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Dev Suppl. 1993:261-8.

crumbs and stardust, two genes of Drosophila required for the development of epithelial cell polarity.

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Institut für Entwicklungsbiologie, Universität zu Köln, FRG.


Loss-of-function mutations in the Drosophila genes crumbs and stardust are embryonic lethal and cause a breakdown of ectodermally derived epithelia during organogenesis, leading to formation of irregular cell clusters and extensive cell death in some epithelia. The mutant phenotype develops gradually and affects the various epithelia to different extents. crumbs encodes a large transmembrane protein with 30 EGF-like repeats and four laminin A G-domain-like repeats in its extracellular domain, suggesting its participation in protein-protein interactions. The CRUMBS protein is exclusively expressed on the apical membrane of all ectodermally derived epithelia, the tissues affected in crumbs and stardust mutant embryos. The gene function is completely abolished by a crumbs mutation that causes production of a protein with a truncated cytoplasmic domain. Instead of being apically localized as in wild-type, the mutant CRUMBS protein is diffusely distributed in the cytoplasm; this occurs before any morphologically detectable cellular phenotype is visible, suggesting that targeting of proteins is affected in crumbs mutant embryos. Later, the protein can be detected on the apical and basolateral membranes. Mutations in stardust produce a phenotype nearly identical to that associated with crumbs mutations, suggesting that both genes are functionally related. Double mutant combinations and gene dosage studies suggest that both genes are part of a common genetic pathway, in which stardust acts downstream of crumbs.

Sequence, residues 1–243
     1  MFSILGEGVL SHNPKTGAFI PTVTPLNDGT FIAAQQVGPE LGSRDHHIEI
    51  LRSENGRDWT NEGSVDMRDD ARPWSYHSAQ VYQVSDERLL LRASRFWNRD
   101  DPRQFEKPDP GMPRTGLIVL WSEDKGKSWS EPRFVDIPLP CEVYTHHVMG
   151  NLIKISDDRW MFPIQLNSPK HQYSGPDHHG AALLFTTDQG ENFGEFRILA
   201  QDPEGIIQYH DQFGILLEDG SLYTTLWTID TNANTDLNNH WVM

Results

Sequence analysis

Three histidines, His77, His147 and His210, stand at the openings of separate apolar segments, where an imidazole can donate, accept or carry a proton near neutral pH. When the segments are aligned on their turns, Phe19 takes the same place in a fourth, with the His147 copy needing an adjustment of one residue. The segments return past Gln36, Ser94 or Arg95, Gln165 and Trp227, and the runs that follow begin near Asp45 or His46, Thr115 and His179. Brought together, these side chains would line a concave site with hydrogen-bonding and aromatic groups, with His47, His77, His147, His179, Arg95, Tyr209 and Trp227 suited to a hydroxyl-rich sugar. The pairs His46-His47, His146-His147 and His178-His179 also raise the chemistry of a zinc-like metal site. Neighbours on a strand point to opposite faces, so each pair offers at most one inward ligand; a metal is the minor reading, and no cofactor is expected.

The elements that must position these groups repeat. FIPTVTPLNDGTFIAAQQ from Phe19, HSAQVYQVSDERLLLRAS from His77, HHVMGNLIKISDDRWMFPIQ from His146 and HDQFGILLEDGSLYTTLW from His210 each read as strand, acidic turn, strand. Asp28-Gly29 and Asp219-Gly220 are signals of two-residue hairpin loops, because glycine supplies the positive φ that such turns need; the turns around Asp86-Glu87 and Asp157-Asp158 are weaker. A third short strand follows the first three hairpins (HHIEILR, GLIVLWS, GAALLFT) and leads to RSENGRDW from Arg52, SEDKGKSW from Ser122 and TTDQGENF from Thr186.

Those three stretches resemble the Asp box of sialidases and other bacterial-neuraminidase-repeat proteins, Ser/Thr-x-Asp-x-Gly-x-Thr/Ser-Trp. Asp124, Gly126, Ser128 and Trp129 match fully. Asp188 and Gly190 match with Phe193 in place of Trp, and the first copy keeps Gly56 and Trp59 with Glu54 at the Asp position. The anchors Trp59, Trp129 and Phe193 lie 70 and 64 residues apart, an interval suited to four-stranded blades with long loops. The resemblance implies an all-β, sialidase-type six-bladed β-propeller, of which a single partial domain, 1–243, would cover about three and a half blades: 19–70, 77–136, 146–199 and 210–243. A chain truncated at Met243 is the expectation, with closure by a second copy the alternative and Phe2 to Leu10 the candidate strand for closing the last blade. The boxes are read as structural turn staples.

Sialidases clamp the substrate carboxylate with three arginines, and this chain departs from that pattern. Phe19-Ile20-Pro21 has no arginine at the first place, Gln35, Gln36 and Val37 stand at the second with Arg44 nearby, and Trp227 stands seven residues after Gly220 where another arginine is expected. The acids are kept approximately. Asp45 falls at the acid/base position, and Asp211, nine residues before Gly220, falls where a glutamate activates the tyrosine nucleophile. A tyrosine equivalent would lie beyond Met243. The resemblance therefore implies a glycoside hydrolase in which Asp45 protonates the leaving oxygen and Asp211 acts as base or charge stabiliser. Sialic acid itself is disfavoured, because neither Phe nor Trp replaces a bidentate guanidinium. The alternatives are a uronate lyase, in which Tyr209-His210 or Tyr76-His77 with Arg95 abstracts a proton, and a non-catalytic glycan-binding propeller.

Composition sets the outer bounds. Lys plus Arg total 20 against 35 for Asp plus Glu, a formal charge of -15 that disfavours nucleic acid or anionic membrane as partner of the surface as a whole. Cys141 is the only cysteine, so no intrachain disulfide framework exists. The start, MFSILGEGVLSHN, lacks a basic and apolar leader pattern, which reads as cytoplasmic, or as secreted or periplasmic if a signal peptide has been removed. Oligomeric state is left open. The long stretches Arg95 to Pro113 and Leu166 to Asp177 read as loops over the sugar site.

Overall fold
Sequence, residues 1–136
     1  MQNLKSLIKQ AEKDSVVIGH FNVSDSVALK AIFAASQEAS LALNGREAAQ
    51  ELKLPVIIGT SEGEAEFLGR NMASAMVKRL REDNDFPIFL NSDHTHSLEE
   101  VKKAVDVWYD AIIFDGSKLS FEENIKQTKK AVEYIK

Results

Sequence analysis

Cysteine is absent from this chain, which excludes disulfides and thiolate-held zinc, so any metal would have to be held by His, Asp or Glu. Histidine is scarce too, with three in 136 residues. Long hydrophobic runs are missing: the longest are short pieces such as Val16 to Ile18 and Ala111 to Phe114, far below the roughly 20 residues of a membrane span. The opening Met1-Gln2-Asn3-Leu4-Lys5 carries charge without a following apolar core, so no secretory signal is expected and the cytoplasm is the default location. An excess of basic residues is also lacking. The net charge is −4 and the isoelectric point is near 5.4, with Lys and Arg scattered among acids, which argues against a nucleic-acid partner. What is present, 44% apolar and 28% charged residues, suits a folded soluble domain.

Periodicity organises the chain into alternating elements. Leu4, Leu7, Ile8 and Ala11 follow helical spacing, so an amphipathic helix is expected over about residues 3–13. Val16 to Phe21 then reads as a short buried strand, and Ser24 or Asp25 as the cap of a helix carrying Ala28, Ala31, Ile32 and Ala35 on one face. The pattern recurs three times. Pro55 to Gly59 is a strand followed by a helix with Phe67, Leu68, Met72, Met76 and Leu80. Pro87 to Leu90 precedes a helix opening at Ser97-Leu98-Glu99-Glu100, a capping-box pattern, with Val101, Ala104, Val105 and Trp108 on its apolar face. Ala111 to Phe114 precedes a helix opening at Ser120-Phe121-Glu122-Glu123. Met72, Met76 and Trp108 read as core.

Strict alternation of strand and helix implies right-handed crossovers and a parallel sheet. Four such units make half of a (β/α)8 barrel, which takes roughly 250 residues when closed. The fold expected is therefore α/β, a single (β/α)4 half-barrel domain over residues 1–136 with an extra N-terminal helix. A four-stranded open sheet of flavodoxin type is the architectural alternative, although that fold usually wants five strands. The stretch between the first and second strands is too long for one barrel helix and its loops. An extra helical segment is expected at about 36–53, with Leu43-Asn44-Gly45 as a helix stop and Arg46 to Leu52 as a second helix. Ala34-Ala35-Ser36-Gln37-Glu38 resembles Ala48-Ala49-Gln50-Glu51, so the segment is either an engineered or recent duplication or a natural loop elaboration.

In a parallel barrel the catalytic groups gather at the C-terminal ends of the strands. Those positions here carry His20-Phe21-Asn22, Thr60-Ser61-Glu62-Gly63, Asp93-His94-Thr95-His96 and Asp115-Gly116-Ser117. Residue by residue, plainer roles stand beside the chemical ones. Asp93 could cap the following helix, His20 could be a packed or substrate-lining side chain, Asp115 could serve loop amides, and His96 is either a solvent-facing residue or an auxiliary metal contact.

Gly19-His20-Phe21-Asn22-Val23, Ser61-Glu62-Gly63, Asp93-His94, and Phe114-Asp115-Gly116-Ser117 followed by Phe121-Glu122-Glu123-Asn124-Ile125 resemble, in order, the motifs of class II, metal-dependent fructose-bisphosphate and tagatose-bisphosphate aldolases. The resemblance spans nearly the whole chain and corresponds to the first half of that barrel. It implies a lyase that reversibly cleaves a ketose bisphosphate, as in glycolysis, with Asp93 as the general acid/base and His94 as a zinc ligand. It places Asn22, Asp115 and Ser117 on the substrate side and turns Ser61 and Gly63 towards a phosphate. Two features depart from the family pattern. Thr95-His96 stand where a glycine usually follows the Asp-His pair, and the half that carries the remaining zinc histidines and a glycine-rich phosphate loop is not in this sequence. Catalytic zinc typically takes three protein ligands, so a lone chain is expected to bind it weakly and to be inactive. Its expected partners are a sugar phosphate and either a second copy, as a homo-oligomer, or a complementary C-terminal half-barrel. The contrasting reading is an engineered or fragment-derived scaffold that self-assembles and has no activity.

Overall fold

[Indexed for MEDLINE]

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